American journal of science, Volume 139 (Google eBook)

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J.D. & E.S. Dana, 1890 - Science
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Page 27 - their old home were to migrate in a body into a new and afterwards isolated country, they would be little liable to modification; for neither migration nor isolation in themselves effect any thing. These principles come into play only by bringing organisms into new relations with each other, and in a lesser degree with the surrounding physical
Page 162 - a uniform curve would be inapplicable in such a case, as it would lead us to expect elements possessed of special properties at any point of the curve. The periods of the elements have thus a character very different from those which are so simply represented by geometers. They correspond to points, to numbers, to
Page 22 - Intercrossing will affect those animals most which unite for each birth and wander much, and which do not breed at a very quick rate. Hence with animals of this nature, for instance birds, varieties will generally be confined to
Page 162 - and silicon, we must recognize a problem to which no direct application of the analysis of the infinitely small can be made. Therefore neither the trigonometrical functions proposed by Kidberg and Flavitzky nor the pendulum-oscillations suggested" by Crookes, nor the cubical curves of the Rev. Mr. Haughton, which have been proposed for expressing the periodic law,
Page 165 - rains. By virtue of these films the sand-grains become separated by elastic cushions of condensed gases, capable of considerable vibration, and whose thickness has been approximately determined. The extent of the vibration and the volume and pitch of the sound thereby produced, after any quick disturbance of the sand,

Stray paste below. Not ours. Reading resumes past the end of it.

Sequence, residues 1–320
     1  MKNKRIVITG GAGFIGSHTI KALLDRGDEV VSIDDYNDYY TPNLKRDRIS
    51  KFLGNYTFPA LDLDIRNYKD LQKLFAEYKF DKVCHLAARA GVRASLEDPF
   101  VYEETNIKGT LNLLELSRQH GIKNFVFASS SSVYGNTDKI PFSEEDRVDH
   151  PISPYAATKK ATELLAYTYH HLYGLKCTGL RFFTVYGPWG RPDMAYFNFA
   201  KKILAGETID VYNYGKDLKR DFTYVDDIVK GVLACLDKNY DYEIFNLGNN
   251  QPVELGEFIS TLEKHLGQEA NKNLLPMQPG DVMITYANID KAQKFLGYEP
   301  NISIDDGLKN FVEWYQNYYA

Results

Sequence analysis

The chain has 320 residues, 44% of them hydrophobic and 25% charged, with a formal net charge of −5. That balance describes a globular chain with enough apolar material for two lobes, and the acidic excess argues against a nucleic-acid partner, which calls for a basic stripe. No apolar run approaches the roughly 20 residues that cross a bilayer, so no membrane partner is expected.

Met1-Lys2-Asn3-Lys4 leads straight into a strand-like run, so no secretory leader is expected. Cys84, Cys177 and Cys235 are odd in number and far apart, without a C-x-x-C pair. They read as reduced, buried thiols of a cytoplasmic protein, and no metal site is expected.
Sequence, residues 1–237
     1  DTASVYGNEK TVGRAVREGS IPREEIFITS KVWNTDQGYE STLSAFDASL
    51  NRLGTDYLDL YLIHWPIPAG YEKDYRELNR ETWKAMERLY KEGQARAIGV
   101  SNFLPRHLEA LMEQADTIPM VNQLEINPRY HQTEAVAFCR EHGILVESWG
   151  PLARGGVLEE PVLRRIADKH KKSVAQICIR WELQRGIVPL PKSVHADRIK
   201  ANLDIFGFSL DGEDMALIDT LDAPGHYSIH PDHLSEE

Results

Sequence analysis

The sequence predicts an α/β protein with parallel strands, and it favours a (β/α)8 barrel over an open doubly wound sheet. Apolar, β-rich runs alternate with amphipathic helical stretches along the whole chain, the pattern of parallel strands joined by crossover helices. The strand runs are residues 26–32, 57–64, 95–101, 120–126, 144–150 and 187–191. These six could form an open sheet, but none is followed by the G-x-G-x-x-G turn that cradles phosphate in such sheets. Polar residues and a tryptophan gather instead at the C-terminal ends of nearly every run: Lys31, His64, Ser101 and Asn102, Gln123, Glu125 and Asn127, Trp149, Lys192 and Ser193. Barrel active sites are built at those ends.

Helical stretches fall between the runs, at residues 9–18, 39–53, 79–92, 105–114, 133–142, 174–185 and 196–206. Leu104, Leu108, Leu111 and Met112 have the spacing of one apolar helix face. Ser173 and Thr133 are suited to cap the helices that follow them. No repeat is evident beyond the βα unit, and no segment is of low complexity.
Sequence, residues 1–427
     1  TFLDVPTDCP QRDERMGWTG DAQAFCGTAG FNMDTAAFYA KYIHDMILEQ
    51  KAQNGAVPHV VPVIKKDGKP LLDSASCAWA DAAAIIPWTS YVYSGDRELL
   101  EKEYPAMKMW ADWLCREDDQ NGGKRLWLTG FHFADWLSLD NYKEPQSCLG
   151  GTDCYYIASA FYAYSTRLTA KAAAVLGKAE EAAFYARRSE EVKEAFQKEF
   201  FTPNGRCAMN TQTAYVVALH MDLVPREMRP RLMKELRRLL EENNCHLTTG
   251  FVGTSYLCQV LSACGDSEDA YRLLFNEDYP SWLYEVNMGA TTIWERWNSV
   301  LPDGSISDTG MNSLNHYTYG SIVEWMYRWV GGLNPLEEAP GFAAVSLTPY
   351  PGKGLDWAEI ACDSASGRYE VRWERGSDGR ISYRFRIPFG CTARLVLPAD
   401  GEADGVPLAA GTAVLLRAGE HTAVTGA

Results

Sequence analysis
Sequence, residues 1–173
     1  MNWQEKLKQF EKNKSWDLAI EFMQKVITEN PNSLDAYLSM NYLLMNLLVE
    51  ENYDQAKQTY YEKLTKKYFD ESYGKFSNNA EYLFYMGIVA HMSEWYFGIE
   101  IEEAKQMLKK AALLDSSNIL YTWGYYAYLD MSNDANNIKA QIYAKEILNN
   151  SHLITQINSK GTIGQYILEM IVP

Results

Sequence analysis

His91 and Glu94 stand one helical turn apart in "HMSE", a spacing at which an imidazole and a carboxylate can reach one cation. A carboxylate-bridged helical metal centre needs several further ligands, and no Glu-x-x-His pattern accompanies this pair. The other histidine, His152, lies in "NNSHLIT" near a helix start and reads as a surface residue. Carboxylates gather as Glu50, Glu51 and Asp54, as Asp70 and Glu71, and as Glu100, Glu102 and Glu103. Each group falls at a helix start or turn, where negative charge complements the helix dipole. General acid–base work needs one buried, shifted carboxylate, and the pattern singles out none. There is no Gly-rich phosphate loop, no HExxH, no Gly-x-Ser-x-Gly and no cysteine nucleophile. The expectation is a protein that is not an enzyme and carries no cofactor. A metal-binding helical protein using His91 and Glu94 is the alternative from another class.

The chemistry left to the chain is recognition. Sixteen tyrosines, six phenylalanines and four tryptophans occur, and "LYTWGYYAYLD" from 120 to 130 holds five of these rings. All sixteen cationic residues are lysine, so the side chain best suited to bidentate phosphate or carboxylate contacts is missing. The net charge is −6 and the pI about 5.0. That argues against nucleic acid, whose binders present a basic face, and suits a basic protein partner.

Page 160 - determines the character of the element just as the magnitude of the molecule determines the character of a compound body; (6) we must expect the discovery of many yet unknown elements—for example, elements analogous to
Page 165 - to be connected with thin pellicles or films of air, or of gases thence derived, deposited and condensed upon the surface of the sand-grains during gradual evaporation after wetting by the seas, lakes, or by rains. By virtue of these films the sand-grains become separated by elastic cushions of condensed gases, capable of considerable vibration, and whose thickness
Page 27 - one, by many distinct species; but these species are related to each other in a very much closer manner than to the inhabitants of the American continent, or of any other quarter of the world. This is what might have been expected, for islands situated so near each other would almost necessarily receive immigrants from the same original source, and from

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